Following an executive session lasting approximately a half of an hour, the Delbarton Town Council Monday night voted to table the appointment of someone to fill a vacancy on the governing board.

The vacancy on the council was created on July 1 when re-elected incumbent Councilman Mark Sizemore tendered his resignation to Mayor Elmer Ray Spence prior to the council’s organizational meeting for the new term.

Sizemore, who has served on the council for 29 years, cited the desire to spend more time with his family as the reason for his decision not to be sworn in for another term.

After the closed-door discussion, members of the council were unclear as to how they wanted to proceed. Councilman Albert Totten made a motion to make a decision at that time, however, that motion died for a lack of a second.

Totten then made a second motion to table the decision on a replacement until the next council meeting on July 29. That motion met the approval of the remaining members of the council.

“This will give

members of the council more time to talk people about the position,” Spence said. “Also, if anyone wants to be on the council, they should talk to one of the members of the council so they can be considered.”

In addition to trying to decide upon a replacement for Sizemore, the council discussed the town’s financial condition at length.

Jo Mahon, town accountant, told the council a $20,000 transfer from the Rainy Day Fund account to the General Funds account was needed to pay the June 2019 bills in order for her to close out the town’s fiscal year which ended June 30.

Totten said that council has already had to dip into the Rainy Day Fund several times in order to pay expenses. Records show that $65,000 was transferred between the accounts during the last fiscal year.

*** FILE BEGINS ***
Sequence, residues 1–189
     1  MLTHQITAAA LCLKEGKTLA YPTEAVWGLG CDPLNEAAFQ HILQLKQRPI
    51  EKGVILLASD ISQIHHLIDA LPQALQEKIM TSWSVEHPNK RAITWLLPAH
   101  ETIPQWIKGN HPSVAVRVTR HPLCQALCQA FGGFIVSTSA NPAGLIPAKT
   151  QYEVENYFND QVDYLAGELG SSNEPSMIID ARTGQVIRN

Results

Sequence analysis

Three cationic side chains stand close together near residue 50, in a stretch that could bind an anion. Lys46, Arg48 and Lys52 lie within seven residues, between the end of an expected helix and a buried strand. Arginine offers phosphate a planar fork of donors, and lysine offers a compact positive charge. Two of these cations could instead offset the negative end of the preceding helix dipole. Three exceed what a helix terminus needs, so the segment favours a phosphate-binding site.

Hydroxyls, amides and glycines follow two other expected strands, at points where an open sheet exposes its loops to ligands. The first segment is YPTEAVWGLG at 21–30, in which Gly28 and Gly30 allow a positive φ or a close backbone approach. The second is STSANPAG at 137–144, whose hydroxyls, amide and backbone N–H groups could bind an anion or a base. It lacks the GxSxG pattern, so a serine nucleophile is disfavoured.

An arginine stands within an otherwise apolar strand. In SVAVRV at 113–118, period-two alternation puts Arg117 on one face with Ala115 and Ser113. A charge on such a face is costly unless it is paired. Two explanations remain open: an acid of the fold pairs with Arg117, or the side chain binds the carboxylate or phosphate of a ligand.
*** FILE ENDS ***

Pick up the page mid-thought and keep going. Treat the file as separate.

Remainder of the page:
“We need more income and I don’t know where we are going to get it,” Mahon said. “We’re not going to get it from B and O (business and occupational) taxes. We’re not going to get it from coal severance. We’re not going to get it from excise tax.”

She said that B and O tax payments are due to come in during this month as the last quarter ended in June, but cautioned they will not be enough for the town to operate efficiently.

“We have never gotten enough money from B and O to cover the last month of the quarter,” Mahon said.

Also during the discussion, it was discovered that funds generated by an administrative fee placed on traffic citations — which by ordinance is to be used only for the purchase of police equipment, supplies, maintenance and training — has apparently been used for other purposes.

The council had earmarked a portion of the more than $6,700 that was reported to be in that account during its special meeting on June 5 to purchase new Tazers for the police department.

According to Mahon, the revenues from the administrative fees are deposited into the General Funds accounts and were used for routine expenses.

“I guess when the council didn’t have money to pay its bills, it did what it had to do even though it was earmarked for the police department,” Spence said.

Totten, along with Councilmen Ralph Maynard and Glen Dale Canada (all of whom had sat on the previous council), said they were told the money was in that account in June and that is why they approved the purchase of the Tasers.

“The former mayor said about $6,000 had been collected and there was enough money for the Tazers. If we used it inappropriately, then we should take money of out of the Summit (the bank which holds the Rainy Day Fund) account,” he continued. “That money has to be put back where it should be.”

In order to cover the amount needed for the town’s normal operations, to replace the administrative fees and to provide funds for the upcoming Delbarton Homecoming, Maynard made a motion to transfer $27,000 from the Rainy Day Fund to the General Fund.

The council also voted, once funds are transferred, that a special account will be set up for the administrative fees. As part of that action, expenditures from that special account will only be used as outlined by the ordinance that created the fee.

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